I’ve always been driven. Even as a kid, I always tried harder. The problem isn’t that I need to try harder, the problem is that I want perfection. I stare at the scene I’ve written and shake my head in despair. Absolute garbage! Delete button, here I go.
I found this article by Joe Bunting titled The Myth of Perfection on The Write Practice. It was actually really helpful because he starts by saying: you’re never going to be perfect. For me, that was great news because it set me free. I can accept it and try to do a good job, not a perfect job.
When I look forward, I get overwhelmed. I think of the odds against me and they seem insurmountable. It helps if I look back. Once, I didn’t speak English. I wrote and didn’t believe I’d ever get published. I’ve written a book, I have another on the works.
Maybe I need to embrace Good Enough and kick Perfection in the butt.
Is there such a thing as a realistic romance hero?
I have to admit I’ve read a book or two where the hero drove me crazy. He was just…sooo nice. Maybe I’m a sceptic but I think real men have issues and can be nice but can also have days where they’re not so nice–just like us gals. These guys were so nice they’d put Santa Claus out of business.
What’s up with romance and the perfect hero? I read somewhere that the recipe for a good romance was an imperfect heroine and a blemish-free hero. She could have any issues, imperfections or range of personalities but he had to fall madly in love with her at first sight and had to be perfect–with a capital P.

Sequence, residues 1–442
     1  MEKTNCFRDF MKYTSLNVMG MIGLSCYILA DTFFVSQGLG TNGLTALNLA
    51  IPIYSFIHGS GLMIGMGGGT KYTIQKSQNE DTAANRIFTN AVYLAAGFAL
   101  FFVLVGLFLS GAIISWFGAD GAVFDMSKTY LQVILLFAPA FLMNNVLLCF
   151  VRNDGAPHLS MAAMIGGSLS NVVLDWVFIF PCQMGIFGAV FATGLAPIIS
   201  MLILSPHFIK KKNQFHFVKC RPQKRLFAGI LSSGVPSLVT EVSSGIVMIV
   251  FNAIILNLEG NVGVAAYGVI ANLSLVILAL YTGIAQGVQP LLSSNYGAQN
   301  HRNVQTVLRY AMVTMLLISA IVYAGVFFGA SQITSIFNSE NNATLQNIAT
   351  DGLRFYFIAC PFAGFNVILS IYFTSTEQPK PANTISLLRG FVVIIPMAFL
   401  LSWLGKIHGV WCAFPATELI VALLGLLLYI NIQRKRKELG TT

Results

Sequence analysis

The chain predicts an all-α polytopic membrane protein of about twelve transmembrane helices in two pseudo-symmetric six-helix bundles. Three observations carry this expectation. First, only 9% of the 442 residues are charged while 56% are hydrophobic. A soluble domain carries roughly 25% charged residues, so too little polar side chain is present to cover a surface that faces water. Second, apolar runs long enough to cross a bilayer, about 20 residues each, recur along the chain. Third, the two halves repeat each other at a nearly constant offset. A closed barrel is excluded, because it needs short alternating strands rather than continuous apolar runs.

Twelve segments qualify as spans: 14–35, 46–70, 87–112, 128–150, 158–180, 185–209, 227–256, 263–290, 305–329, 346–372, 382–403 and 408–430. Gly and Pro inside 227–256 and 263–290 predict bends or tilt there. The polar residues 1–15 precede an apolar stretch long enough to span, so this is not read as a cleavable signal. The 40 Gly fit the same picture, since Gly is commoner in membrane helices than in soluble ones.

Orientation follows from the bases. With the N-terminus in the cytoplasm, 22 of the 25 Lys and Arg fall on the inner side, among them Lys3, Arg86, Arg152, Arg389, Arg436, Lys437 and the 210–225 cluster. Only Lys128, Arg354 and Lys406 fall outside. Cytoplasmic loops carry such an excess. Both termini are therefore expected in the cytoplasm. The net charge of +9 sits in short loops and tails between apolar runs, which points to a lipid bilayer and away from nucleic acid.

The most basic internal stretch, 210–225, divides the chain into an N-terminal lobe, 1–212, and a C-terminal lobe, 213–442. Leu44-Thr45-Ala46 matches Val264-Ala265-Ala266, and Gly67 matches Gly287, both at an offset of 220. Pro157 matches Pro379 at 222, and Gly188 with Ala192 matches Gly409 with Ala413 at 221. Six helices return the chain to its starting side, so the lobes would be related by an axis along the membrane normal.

Really? Do women really buy that?
I’m not asking for a wife abuser or a grump. I just wonder if a less-than perfect hero wouldn’t make a wonderful lead in a romance. I wonder, would women not like him because he had his faults? I think we would.
Take Beauty and the Beast. He’s a wonderful catch…if you don’t mind a little hair and we won’t mention the growling or his anger-issues with furniture. Or what about Star Wars? Han Solo made more than one woman’s heart beat a little faster but he didn’t exactly have a clean record.
I say imperfection is what makes our heroes interesting and charming. I’m not suggesting we take Hannibal Lecter as our role model, but we don’t have to have a perfect angel as it either. Perfection is incredibly boring.